Harlem in the 80's (Clay, Lenox: rent, crime, how much)
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To me still amazing how much Harlem has change. How expensive it is now. The people who bought their properties back then made so much money if they do sell today. Was it true that there was some properties that the city sold for $1? I never though that Harlem will look so much better today. When I was young, I though that the decay will actually spread south to bring more decay and crime to the UWS and the UES. Did you guys thought the same? But today the UWS and UES is actually extending upwards. Yes, there still crime (although so much less), and those big housing projects, but rich people don't seem to care anymore. They are buying and renting when something become available for them. New Restaurants, spas, coffee shops, fashion retail, etc, sprucing up all over. Not the type of businesses that you will expect by looking at those photos back then. How long until most of Harlem is gentrify? I think south of 125th street will probably be very Gentrify in the next 15 to 20 years. Did anyone experience Harlem back in the 80's or 90's and what were your thoughts of the future of Harlem back then?
The city did sell properties for $1. However the native Harlem resident was usuallly excluded from this because of redlining and other tactics. A purchaser also had to prove that they had the funds to renovate the property in a specific short limit of time. Most native Harlemites could not afford the restrictions. It was easier to buy a relatively brand new home in another boro. Also the crime at the time made it even less apealing.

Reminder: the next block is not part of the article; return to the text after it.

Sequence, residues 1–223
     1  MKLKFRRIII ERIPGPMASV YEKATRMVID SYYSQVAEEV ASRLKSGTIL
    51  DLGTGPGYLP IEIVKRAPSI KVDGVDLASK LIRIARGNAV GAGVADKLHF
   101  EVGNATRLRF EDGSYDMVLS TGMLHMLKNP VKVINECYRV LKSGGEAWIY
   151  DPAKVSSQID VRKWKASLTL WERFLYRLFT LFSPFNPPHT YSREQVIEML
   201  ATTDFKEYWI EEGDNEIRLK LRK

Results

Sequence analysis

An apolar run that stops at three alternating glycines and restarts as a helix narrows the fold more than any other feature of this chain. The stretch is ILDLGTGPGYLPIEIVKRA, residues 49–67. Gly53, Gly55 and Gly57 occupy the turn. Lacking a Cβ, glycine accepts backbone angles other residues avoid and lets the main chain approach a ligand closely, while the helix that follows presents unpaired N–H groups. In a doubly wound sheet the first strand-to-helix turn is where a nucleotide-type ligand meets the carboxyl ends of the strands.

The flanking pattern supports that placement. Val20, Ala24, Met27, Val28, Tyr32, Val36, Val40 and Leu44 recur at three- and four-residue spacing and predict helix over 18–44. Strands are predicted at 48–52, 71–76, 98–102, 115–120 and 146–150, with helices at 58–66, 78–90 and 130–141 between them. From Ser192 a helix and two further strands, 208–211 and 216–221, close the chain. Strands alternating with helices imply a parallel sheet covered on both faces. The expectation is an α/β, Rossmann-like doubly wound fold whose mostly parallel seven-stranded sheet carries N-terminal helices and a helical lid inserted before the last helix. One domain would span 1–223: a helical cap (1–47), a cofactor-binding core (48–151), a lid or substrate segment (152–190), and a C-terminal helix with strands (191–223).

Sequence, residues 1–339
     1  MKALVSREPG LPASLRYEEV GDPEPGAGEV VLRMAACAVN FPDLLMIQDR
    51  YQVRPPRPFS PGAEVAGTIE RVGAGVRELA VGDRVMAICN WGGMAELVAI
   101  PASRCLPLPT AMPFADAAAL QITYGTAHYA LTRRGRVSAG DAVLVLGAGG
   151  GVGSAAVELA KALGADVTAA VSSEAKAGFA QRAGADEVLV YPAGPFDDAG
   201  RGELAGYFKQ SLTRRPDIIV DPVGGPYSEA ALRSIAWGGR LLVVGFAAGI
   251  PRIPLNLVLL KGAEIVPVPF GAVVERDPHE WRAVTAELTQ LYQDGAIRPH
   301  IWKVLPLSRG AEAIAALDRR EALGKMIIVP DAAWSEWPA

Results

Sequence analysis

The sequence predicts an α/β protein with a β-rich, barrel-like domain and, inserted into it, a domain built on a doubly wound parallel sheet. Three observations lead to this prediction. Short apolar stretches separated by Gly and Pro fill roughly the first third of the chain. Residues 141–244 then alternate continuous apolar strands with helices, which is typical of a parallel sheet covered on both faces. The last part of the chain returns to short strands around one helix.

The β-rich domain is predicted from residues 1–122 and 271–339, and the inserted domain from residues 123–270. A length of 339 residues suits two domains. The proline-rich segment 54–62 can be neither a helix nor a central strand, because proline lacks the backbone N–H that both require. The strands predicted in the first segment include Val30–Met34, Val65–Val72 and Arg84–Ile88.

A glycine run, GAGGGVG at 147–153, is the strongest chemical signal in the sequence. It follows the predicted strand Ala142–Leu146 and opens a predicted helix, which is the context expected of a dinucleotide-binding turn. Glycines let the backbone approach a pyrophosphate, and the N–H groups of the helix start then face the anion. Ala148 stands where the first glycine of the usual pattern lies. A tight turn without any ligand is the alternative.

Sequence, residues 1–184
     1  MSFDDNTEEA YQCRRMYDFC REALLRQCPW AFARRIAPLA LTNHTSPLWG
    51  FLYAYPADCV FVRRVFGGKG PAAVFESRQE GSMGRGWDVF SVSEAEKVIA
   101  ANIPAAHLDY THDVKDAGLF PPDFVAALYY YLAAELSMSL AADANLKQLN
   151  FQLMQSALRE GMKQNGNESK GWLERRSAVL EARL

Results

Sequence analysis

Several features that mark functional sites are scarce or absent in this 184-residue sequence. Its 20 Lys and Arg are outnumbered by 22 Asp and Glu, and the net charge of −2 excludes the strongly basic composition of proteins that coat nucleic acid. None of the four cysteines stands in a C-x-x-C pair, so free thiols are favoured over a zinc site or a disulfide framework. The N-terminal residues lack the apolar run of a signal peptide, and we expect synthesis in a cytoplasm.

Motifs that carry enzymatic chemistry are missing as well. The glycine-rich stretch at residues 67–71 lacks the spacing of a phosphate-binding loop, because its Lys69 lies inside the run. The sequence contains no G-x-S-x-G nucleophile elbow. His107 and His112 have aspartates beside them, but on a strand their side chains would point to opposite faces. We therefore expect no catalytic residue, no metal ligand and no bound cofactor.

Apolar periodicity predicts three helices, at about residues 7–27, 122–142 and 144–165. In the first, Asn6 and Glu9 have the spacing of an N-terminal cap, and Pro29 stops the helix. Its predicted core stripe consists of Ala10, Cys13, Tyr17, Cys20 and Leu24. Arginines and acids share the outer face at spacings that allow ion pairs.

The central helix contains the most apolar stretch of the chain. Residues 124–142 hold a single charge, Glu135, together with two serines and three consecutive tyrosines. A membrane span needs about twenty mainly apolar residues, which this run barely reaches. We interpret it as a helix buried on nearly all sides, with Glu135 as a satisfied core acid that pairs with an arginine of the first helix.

The decay did spread south to the UWS. There is a thread that shows pictures of the UWS during the late 70's. It looked similar to Harlem. The rebuilding started in the UWS and eventually went north.
Yes many Harlemites knew from back in the 60's after the riots, when heroin was king that Harlem would eventually come back. Those old people back in the 70's remembered Harlem when it was grand.
That is what they would talk about, the convenience of the transportation. How you were near all the subways and buses that could take you to the major parts of the city, in a short period of time.
People always spoke about how they were locked out of buying the properties for $1. Many tried. How they knew that the properties were being cheaply renovated temporarily in order to hold the properties for the future when wealthier people would move back.
Many of the properties on Lenox aka Malcolm X Blvd and Seventh Ave aka Adam Clayton Powell Jr Blvd were boarded up from the early 1920's and were still owned by the families that boarded them up, and refused to sell to Black people but would also not live there. They did however rent out the store front spaces.
All and all this is something that we heard about constantly how Harlem would rise again, and how poor people would not be able to live there anymore.
I think what has surprised people is that the middle class cannot live there anymore either.
More pictures of Harlem, 80's to present. The best site if you want to see how Harlem has changed over the years. Invincible Cities
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